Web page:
Formative feedback

Formative feedback is an important aspect of the learning process, for both the student and the lecturer. Formative assessment allows students to assess how well they are understanding the course content, as well as providing them with an opportunity to practice answering questions to prepare them for their exam (constructive alignment). As a lecturer, I have found formative assessment very valuable as it allows me to track students’ progress (especially to determine at-risk students) and to assess how I need to adjust lectures.

Below are a few examples of formative feedback I have made use of:

Tutorials

The Site Planning course had two sessions each week – one theory/lecture session and one tutorial session. Each week I would lecture on a particular topic, and during the tutorial session later in the week, students would attend a tutorial session where they were required to work through a set of questions and exercises based on that week’s lecture (see an example of a Tutorial). The students had a couple of days to complete the tutorial, which they would then submit for formative assessment. Some students struggled with the work and those who failed the week’s tutorial were given the opportunity to redo the tutorial. If I noticed that a particular student was struggling with a concept I would write a note encouraging the student to speak to me about that question during the next tutorial session.

Other than formative feedback, I found that the tutorial sessions were particularly valuable for several reasons:

  1. students were more confident to ask questions during a tutorial session than a lecture
  2. tutorials enabled me to interact with students in small groups where it is more easy to gauge if individual students are grasping the concept or not
  3. tutorials provided an opportunity for learning from peers or working with peers to understand the content

Design crits

The Landscape Technology course is primarily a design studio where students are given design tasks and must complete a set of drawings and/or models for each particular task. Because the deadlines are often once a month or so, students are encouraged to see a lecturer at least twice a week (there were 3-4 lecturers available for this). Each student had a “comment sheet” that was filled in by the lecturers with whom they had crits. This comment sheet was then submitted with every deadline or hand-in.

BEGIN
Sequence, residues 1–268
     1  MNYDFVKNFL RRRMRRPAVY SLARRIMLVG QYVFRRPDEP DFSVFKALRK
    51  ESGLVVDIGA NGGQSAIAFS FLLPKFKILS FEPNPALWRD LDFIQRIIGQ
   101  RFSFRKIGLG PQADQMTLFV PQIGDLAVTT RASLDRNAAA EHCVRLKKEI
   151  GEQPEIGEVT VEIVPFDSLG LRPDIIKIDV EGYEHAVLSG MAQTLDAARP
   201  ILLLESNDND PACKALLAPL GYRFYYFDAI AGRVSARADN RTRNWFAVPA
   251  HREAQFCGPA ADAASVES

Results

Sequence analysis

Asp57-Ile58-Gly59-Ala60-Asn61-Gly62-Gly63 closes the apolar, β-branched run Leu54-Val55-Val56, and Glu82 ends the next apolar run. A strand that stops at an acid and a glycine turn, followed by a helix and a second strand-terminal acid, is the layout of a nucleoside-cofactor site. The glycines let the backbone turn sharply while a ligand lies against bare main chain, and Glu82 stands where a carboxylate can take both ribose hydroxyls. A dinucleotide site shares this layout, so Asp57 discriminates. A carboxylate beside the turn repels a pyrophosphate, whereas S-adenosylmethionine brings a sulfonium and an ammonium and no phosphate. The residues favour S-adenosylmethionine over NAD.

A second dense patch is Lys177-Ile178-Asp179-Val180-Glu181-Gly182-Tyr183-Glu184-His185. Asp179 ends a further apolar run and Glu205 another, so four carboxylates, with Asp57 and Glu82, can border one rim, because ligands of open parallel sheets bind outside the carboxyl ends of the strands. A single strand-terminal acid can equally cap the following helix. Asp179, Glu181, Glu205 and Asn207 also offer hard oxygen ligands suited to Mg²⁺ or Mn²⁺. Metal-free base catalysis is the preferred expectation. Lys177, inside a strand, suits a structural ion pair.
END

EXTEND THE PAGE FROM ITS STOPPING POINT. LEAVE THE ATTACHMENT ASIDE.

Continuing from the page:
Although I did not design or implement this formative assessment system (it has been in place for a couple of years), I actively took part in it and provided students with opportunities for design crits by posting consultation timetables outside my office (see below).Consultation Self-assessment and peer assessment

I felt particularly encouraged by a TDP session on formative feedback to make use of self-assessment and peer formative feedback. One of the courses I have been lecturing in the seond semester has a large project due at the end of the semester. Each week the students are required to submit a section of the work for feedback. I found that some students were not following instructions or that I was repeating comments to multiple students about items that were missing from their hand-ins. I started including a “checklist” for students to read through and tick off and submit with their work. This was not entirely successful as it requires students to read and work through the checklist while completing their assignment, and not to tick off every item regardless if it was completed or not. My next strategy is once students have submitted their assignment, they will be required to assess it (using a rubric) as well assess the work of a peer.

 

 

 

 

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